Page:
Askari, Nasrin

Research fellow and translator, University of Birmingham

Phone Number
Email Address

Nasrin Askari is the author of The Medieval Reception of the Shāhnāma as a Mirror for Princes (Brill, 2016), which won the World Award for Book of the Year in Iran. Currently, Nasrin is working as a Research Fellow and Translator on the Persian segment of the ERC-funded project “Global Literary Theory: Caucasus Literatures Compared,” led by Professor Rebecca Gould at the University of Birmingham. Nasrin’s primary areas of research specialization are classical Persian literature, the history and culture of late antique and medieval Iran, the Perso-Islamic literature of wisdom and advice, and medieval Persian popular literature. Nasrin completed her PhD with full funding from the Social Sciences and Humanities Research Council of Canada. She has held Postdoctoral Fellowships at the University of British Columbia, where she published her first monograph and developed UBC’s first curriculum in Iranian Studies. She has also spent more than a year at the Bodleian Library, University of Oxford, as a Bahari Visiting Scholar in the Persian Arts of the Book to conduct research on medieval Persian manuscripts. Her annotated edition of the Mūnis-nāma, a twelfth/thirteenth-century work of wisdom and advice for the elites, especially female elites, of the Atbaegs of Azerbaijan is forthcoming in Bunyād-i Mauqūfāt-i duktur Maḥmūd-i Afshār (Dr. Mahmud Afshar’s Endowments). She is also contributing to the research project “At the crossroads of Punjabi and Persian: The Traveling Tale of the Lovers, Hīr and Raṅjhā,” led by Anne Murphy and funded by Insight Grant of the Social Sciences and Humanities Research Council of Canada.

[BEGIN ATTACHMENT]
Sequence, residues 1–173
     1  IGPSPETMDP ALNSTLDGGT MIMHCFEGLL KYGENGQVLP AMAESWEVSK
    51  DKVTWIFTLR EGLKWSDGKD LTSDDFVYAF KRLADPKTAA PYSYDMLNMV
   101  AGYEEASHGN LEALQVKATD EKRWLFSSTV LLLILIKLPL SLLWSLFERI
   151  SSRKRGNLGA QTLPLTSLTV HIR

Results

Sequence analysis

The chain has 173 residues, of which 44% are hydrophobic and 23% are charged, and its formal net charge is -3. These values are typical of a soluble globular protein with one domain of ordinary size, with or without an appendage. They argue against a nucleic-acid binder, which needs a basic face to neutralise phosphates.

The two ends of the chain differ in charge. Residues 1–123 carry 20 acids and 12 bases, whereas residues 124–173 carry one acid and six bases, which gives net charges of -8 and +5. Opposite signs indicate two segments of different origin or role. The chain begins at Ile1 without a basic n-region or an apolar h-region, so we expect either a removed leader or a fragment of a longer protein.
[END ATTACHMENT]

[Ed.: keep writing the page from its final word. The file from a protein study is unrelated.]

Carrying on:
University of Toronto

PhD, The Department of Near and Middle Eastern Civilizations 2012

Based on a broad survey of the reception of Firdausī’s Shāhnāma in medieval times, the dissertation demonstrates that Firdausī’s oeuvre was primarily perceived as a book of wisdom and advice for kings and courtly élites—a type of work that is generally known today to belong to the literary genre of mirrors of princes. The medieval reception of the Shāhnāma as a mirror for princes is clearly evident in the comments of medieval authors about Firdausī and his work, and in their use of the Shāhnāma in the composition of their own works. The production of a particular genre of literature known as ikhtiyārāt-i Shāhnāma (selections from the Shāhnāma) in medieval times and the remarkable attention of the authors of mirror for princes to Firdausī’s opus are particularly illuminating in this regard.

The survey of the reception of Firdausī’s Shāhnāma in medieval times is complemented by a close textual reading of the Ardashīr cycle in the Shāhnāma in comparison with other medieval historical accounts about Ardashīr, in order to illustrate how history in the Shāhnāma is used merely as a framework for the presentation of ideas and ideals of kingship. Using ancient Persian beliefs regarding the ideal state of the world as a basis, the study demonstrates that Ardashīr in the Shāhnāma is represented as a saviour of the world. Within this context, the author offers a new interpretation of the symbolic tale of Ardashīr’s fight against a giant worm, and explain why the idea of the union of kingship and religion, a major topic in almost all medieval Persian mirrors for princes, has often been attributed to Ardashīr. Finally, the Ardashīr cycle in the Shāhnāma is compared with nine medieval Persian mirrors for princes to demonstrate that the ethico-political concepts contained in them, as well as the portrayal of Ardashīr, remain more or less the same throughout, reinforcing the idea that the intentions of the authors who composed them were the same.

Study of the Shāhnāma as a mirror for princes, as this study shows, not only reveals the meaning of its symbolic tales, but also sheds light on the pre-Islamic roots of some of the ethico-political concepts presented in the medieval Perso-Islamic literature of wisdom and advice for kings and courtiers.